Yet, inflicting a deliberate disfigurement was a highly political act, and this study has brought out the significance of mutilation-by-proxy, the attacking of dependents as a means of symbolizing the loss of control or status of the person meant to protect them, be it a king, or a father or—in the specific case of women—a husband. Of course, reports of such attacks still focus our attention on the intended target: the dependents are, often, unfortunate collateral damage (and those mutilated very young were the most damaged of all, facing a lifetime of marginalization). But even the proxies need to be significant in some way—there was no point mutilating a peasant tenant if you wanted to insult the king. One might in fact interpret the threatened mutilation of adulterous women in several lawcodes as a warning to their husbands about the potential shame they could suffer at having failed to assert adequate control and protection over their wives, even if this is not explicitly stated in the clauses themselves. Work on medieval violence has picked up on the fact that wives and dependents might be caught up in the downfall of their menfolk or leaders, and toward the twelfth century we certainly see more instances of deliberate mutilations as weapons of humiliation. Whether this is a product of the increase in available written evidence is unclear: the further escalation in the severity of facial violence in the thirteenth century, noted at the start of this study, suggests that this is not simply a matter of the multiplication of texts, but represents a shift away from killing to wounding as a means of settling scores. A question for future research, therefore, might focus on when reports begin of more “ordinary” people with acquired disfigurement (such as some of those documented in the Eyre courts), and explore the reasons for this change.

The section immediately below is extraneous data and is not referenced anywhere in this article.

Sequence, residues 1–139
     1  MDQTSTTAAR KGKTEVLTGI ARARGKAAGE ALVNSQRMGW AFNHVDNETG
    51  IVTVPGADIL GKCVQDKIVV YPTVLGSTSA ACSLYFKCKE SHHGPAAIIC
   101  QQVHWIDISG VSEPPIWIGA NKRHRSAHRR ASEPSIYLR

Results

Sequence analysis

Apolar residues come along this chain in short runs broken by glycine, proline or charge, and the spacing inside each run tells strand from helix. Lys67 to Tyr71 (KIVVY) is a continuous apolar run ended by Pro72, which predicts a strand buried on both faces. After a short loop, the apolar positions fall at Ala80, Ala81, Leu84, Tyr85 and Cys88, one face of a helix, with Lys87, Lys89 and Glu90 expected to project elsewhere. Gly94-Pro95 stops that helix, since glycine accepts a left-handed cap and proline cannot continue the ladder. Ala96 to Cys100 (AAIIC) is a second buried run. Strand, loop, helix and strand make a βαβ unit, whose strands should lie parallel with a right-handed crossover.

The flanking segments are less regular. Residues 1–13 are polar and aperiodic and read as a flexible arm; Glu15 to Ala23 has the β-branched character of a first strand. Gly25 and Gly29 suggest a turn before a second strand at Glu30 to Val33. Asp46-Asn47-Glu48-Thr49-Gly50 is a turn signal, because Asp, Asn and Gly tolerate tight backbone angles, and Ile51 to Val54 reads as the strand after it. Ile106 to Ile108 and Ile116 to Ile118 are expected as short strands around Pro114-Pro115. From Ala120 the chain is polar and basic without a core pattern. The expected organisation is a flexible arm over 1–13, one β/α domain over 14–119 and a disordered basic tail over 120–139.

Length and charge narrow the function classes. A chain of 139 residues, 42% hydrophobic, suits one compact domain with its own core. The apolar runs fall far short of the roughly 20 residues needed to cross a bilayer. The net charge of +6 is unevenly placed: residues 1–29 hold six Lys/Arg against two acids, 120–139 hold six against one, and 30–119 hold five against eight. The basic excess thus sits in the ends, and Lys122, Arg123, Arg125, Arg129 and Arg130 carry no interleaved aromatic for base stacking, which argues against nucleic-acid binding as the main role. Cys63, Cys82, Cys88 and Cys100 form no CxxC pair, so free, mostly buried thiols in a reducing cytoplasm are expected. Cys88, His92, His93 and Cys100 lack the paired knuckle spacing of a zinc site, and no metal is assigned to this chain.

The stories that disfigurement generated for the early medieval, largely clerical, writers who recorded such incidents seem to fit within something of a predetermined set of parameters drawn from the Bible. And, for many of our writers, the piteous spectacle of those mutilated, or about to be, was an opportunity for others to provide charity, or intervene to plead mercy. It is never stated outright, but disfigurement was, to the elite community we can hear and read about, akin to social death. In some cases the power of a disfigured person’s family could shield them from the worst assumptions about their condition, but such protection only lasted as long as they lived; it is interesting that we have a couple of cases of damnatio memoriae, whereby later authors, commenting on the same set of circumstances, draw much more robustly negative conclusions about whose fault the disfigurement was (the cases of Young Charles and the Saxon pirate raids of 994 are good examples).

Another issue for historians of disfigurement, therefore, might be how long the framing of disfigurement within religious terms of reference lasted. At what point did the religious framework for understanding disfigurement (act of God, act of wicked people, own fault, disbars further religious or political activity, engenders patience and humility), which is so prominent in the evidence from the early Middle Ages, lessen or disappear, and what replaced it? Although this study ends around 1200 CE, I would hazard a guess that later medieval authors understood and presented disfigurement in very similar ways to those discussed here. Even if more and better skincare remedies (and cover-ups) were being produced, and texts theorizing about surgical repair to the face were being written and circulated by the fifteenth century, the fact remains that faith provided a means of articulating and dealing with the trauma of an acquired disfigurement. Theology Professor Stephen Pattison has recently argued that the Protestant Reformation saw a shift in emphasis from seeing the face of God to hearing and obeying God’s word, that is, the opportunity for “face” to play a role in human relations with each other and the divinity diminished sharply, and remains absent today. 4 This hypothesis, convincingly argued, would reward further investigation by historians. Pattison’s comments on the isolation, exclusion and shame of those who cannot participate in facial transactions, whether because of disfigurement or neurological conditions impairing facial recognition, resonate loudly with the historical experiences discussed in the present study.